DIRECTIONS FOR A TRENTAL.
A TRENTAL was an office of thirty masses, three of a sort, which were said for the dead, to deliver their souls from torment, according to Canon Rock on the burial day; low masses were said in the side chapels, and at all the altars in the church: a trental of masses used to be offered up for almost every one on the burial day."*. [Church of our Fathers, vol. ii. p. 504.] Be|quests were frequently made for the saying or singing of trentals. " In 1480 John Meryell left . . . to the friars of Babwell, to pray for his soul a trental of masses, xs."*. [Cullum's History of Hawsted, 2nd ed., p. 16.] Sometimes a yearly trental, or tricenarium, was said for departed brethren. See examples from early times in Ducange, s.v. trentale, and tricenarium.
The masses of the trental appear to have been performed, sometimes all on the one day, sometimes on thirty separate days, one each on three days within the octaves of each of the ten feasts; and to the proper mass for the day might be added the Dirige (or morning Page 120 service for the dead)*. [Called dirige or dirge, from the beginning of the first anthem at matins, " Dirige Domine Deus meus in conspectu tuo viam meam."—Rock, ii. 503.] and any special prayer or prayers desired. In the poem called St. Gregory's Trental*. [Found in two MSS., Cott. Caligula, A ii. fo. 84 vo. of the fifteenth century, and Lambeth, 306, fo. 110, printed in Furnivall's Political, Religious, and Love Poems, 1866, Early English Text Society, p. 83.] the virtues of this means of saving a departed soul are exalted, particular directions are given, and several additions are specially recommended for greater certainty, One of these additions is the dirige, but the prayer also desired by the Brome writer is not among them. The poem (of 240 lines) tells how his mother's ghost, in torture for her sins, appeared to Pope Gregory, and enjoined him to sing "a trentelle
She added that they should be said "within the octaves of the feasts."*. [Line 124, with which compare ll. 144-5 and 231-2.] The Pope carried out his mother's behests, which were quite effectual; yet the writer rather inconsistently desires (as before mentioned) that a good many other prayers, which are named, should be joined to the masses.
The correspondence of the Brome trental with the trental thus ascribed to the authority of Pope Gregory will be remarked, and we may feel pretty sure that we have here a usual composition of this favourite Office for the Dead. That the rest of the form was variable, according to the wish of the person who ordered the masses, is indicated by this little record at Brome no less than by a will of 1448, Page 121 quoted by Ducange, in which the testator ordered a "trental de messes" to be said for his soul "le plus brief que faire se porra." But who it was at Brome or Scole who showed this preference for a dirge, and the prayer Deus summa spes, there is nothing in the manuscript to tell.
The "month's mind," sometimes mentioned in connection with a trental, appears to have been a day kept in remembrance of the departed a month after death, when a number of masses, probably a trental, was performed for his soul, and a dinner or feast given. "In Ireland," writes Sir Henry Piers, 1682, "after the day of interment of a great personage, they count four weeks; and that day four weeks, all priests and friars, and all gentry, far and near, are invited to a great feast (usually termed the month's mind). The preparation to this feast are masses, said in all parts of the house at once, for the soul of the departed. If the room be large you shall have three or four priests together celebrating in the several corners thereof. The masses done, they proceed to their feastings; and after all, every priest and friar is discharged with his largess."*. [Quoted in Brand's Dictionary of Antiquities, ed. 1870, vol. ii. p. 231.] Compare this with Dr. Rock's description of the trental above. Payments for the feast, as well as for the priests, are not infrequent in old wills, churchwarden's accounts, &c. (see Archæologia, vol. i. pp. 11-14; Brand's Dictionary of Antiquities, ed. 1870, ii. 229; also Rock's Church of our Fathers, ii. 518; and Dr. Skeat's Notes to Piers Plowman, text C., x. 320, p. 198.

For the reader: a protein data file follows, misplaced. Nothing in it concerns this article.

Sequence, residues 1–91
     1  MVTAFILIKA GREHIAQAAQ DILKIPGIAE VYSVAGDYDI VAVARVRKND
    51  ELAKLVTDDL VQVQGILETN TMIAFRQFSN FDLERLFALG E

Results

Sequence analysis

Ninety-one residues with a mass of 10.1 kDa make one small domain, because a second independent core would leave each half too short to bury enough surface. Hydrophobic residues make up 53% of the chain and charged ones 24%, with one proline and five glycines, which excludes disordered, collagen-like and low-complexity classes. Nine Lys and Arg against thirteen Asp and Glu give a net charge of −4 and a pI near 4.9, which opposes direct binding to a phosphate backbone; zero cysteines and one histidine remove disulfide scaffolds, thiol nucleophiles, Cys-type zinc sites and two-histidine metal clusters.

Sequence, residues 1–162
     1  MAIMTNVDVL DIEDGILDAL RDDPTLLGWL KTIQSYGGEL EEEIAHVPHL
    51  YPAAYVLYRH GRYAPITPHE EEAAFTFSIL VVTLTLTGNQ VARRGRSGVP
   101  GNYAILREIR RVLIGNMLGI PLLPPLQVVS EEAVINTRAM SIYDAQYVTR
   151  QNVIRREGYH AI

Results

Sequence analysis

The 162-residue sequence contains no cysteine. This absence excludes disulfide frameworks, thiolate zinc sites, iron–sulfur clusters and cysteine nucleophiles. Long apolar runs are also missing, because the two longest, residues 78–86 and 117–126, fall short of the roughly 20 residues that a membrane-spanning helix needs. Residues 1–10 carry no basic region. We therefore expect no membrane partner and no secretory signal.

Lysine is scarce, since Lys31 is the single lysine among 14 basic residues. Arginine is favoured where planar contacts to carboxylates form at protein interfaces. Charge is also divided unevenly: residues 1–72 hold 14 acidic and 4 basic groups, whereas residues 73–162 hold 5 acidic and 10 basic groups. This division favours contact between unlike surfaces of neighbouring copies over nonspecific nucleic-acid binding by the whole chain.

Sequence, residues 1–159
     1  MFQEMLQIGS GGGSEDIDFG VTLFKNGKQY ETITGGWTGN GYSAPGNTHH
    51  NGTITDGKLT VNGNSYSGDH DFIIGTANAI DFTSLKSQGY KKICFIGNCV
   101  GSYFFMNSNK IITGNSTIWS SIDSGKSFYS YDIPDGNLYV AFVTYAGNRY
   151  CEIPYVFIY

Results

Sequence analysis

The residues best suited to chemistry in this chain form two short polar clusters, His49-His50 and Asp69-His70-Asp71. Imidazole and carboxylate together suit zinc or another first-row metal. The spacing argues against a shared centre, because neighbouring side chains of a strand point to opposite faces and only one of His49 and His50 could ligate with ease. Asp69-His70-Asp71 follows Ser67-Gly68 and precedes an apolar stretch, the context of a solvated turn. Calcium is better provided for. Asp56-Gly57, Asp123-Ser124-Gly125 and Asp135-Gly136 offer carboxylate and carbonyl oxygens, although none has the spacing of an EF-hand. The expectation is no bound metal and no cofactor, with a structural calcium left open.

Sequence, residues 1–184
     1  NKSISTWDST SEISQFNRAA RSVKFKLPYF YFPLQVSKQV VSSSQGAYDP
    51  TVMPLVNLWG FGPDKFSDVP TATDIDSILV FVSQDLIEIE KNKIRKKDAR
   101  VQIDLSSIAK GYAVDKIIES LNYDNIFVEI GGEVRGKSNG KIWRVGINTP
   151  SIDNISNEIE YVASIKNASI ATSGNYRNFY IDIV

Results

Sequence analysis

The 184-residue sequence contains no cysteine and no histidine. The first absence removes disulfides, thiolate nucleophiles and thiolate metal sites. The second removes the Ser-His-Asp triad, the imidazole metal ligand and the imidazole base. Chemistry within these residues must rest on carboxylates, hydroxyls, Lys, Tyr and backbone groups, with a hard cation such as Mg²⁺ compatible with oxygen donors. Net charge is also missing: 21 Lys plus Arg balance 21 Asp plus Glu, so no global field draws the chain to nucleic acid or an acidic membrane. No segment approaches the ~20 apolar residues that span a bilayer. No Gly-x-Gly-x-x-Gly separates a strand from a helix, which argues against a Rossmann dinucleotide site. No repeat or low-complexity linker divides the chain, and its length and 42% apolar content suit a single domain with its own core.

Spenser, in Mother Hubberd's Tale, 1. 453, refers to the old state of things as past:—
These Directions for Trental and for Prayers (p. 119) are written apparently by the same hand which wrote the Accounts, Articles of Leet and Baron, &c., i.e., Robert Melton.
Trentals er comonly seyd xxxti massis and no [folio 80a] derege; they shulde be sayd with euery masse a derege, soo I wolde haue them seyd yff I shulde cavsse them to be seyd for my selffe, euery derege with this preyur, Deus summa spes: they know it that hath seyd trentals. The massis er thes folowyng;—First iij of the nateuite of owre lord as of Crystmes day, iij of Epiphanie as of Twelth day, iij of the Page 122 purificashon of owr lady as of Candylmes day, iij of the Salutacion of owre lady as of owre lady day in lent, iij of the resurrecshon of owre lord as of Ester day, iij of the Assencion as of holy Thursday, iij of the holy gost as of Whyts[onday], iij of the Trenite as of trenite sonday, iij of the assumpcion of owre lady, iij of the nateuite of oure lady.
Of eche of thes, iij messes.